Nessel Township, Chisago County, Minnesota

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Nessel Township, Minnesota
Nessel Township is located in Minnesota
Nessel Township
Nessel Township
Location within the state of Minnesota
Coordinates: 45°41′11″N 93°4′16″W / 45.68639°N 93.07111°W / 45.68639; -93.07111Coordinates: 45°41′11″N 93°4′16″W / 45.68639°N 93.07111°W / 45.68639; -93.07111
Country United States
State Minnesota
County Chisago
 • Total 42.7 sq mi (110.6 km2)
 • Land 37.4 sq mi (96.8 km2)
 • Water 5.3 sq mi (13.8 km2)
Elevation 919 ft (280 m)
Population (2010)
 • Total 1,951
 • Density 52/sq mi (20.1/km2)
Time zone Central (CST) (UTC-6)
 • Summer (DST) CDT (UTC-5)
FIPS code 27-45250[1]
GNIS feature ID 0665081[2]

Nessel Township is a township in Chisago County, Minnesota, United States. The population was 1,951 at the 2010 census.[3]


Nessel Township is located in the northwest corner of Chisago County and is bordered by Isanti County to the west and Pine County to the north. Rush City lies on the eastern border of the township. The unincorporated community of Rush Point is in the southwest part of the township.

Interstate 35 closely follows the eastern boundary line of the township, leading north to Rock Creek and Pine City, and south to Harris and North Branch. Access to the township is from County 1 exit in Rush City.

According to the United States Census Bureau, the township has a total area of 42.7 square miles (110.6 km2), of which 37.4 square miles (96.8 km2) is land and 5.3 square miles (13.8 km2), or 12.45%, is water.[3] Rush Lake is a large two-basin water body in the center of the township.


Nessel Township bears the name of its earliest pioneer farmer, Robert Nessel, who was born in Germany in 1834, came to the United States in 1847 and to Minnesota in 1854, and settled here in 1856. The township was organized in 1870.[4]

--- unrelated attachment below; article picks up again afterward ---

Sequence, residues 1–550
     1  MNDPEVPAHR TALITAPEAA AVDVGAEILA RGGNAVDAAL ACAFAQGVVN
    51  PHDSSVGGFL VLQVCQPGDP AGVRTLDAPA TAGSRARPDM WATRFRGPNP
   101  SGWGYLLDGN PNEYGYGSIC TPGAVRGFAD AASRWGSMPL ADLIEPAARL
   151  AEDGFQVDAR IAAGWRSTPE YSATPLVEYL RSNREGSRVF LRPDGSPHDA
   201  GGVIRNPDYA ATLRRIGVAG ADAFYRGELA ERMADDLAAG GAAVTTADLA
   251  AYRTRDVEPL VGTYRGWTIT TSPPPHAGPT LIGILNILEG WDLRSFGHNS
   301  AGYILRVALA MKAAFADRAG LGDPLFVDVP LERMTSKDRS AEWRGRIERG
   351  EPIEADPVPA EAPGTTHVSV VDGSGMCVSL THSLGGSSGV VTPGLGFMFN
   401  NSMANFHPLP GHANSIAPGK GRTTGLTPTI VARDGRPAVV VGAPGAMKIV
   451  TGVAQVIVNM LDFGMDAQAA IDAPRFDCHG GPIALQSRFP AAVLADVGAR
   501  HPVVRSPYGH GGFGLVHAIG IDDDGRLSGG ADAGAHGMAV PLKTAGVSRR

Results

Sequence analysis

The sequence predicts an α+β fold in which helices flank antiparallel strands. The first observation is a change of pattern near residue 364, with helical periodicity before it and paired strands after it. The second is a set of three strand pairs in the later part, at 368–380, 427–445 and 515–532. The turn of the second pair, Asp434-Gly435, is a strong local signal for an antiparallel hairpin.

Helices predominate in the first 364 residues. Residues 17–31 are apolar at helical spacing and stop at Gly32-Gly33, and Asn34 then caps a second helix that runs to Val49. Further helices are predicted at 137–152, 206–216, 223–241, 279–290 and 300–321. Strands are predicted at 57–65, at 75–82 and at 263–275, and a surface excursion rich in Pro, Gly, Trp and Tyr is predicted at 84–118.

Rush Lake, and the soil, attracted people to settle in the township, and many of the farms are still owned by the descendants of the early settlers. When Mr. Nessel filed for a homestead of his place, he found that many native Americans occupied the land, with whom he had to bargain. He reportedly paid $150.00 for the initial 160 acres (0.65 km2) to Alexis LaPrairie. This was a great camping place for the native people, as the lower lake was full of wild rice which they gathered. The narrows between the two lakes was a gathering place for the native people during rice harvesting time.


As of the census[1] of 2000, there were 1,765 people, 668 households, and 509 families residing in the township. The population density was 46.3 people per square mile (17.9/km²). There were 921 housing units at an average density of 24.2/sq mi (9.3/km²). The racial makeup of the township was 98.75% White, 0.06% African American, 0.11% Native American, 0.17% Asian, 0.28% from other races, and 0.62% from two or more races. Hispanic or Latino of any race were 0.68% of the population.

There were 668 households out of which 31.1% had children under the age of 18 living with them, 69.2% were married couples living together, 3.6% had a female householder with no husband present, and 23.8% were non-families. 17.8% of all households were made up of individuals and 7.6% had someone living alone who was 65 years of age or older. The average household size was 2.61 and the average family size was 2.97.

In the township the population was spread out with 25.4% under the age of 18, 3.9% from 18 to 24, 27.8% from 25 to 44, 28.3% from 45 to 64, and 14.6% who were 65 years of age or older. The median age was 41 years. For every 100 females there were 109.1 males. For every 100 females age 18 and over, there were 106.9 males.

The median income for a household in the township was $47,578, and the median income for a family was $52,443. Males had a median income of $39,712 versus $27,100 for females. The per capita income for the township was $20,953. About 1.8% of families and 5.3% of the population were below the poverty line, including 3.7% of those under age 18 and 9.5% of those age 65 or over.


  1. ^ a b "American FactFinder". United States Census Bureau. Retrieved 2008-01-31. 
  2. ^ "US Board on Geographic Names". United States Geological Survey. 2007-10-25. Retrieved 2008-01-31. 
  3. ^ a b "Geographic Identifiers: 2010 Demographic Profile Data (G001): Nessel township, Chisago County, Minnesota". U.S. Census Bureau, American Factfinder. Retrieved October 2, 2014. 
  4. ^ Upham, Warren (1920). Minnesota Geographic Names: Their Origin and Historic Significance. Minnesota Historical Society. p. 108. 

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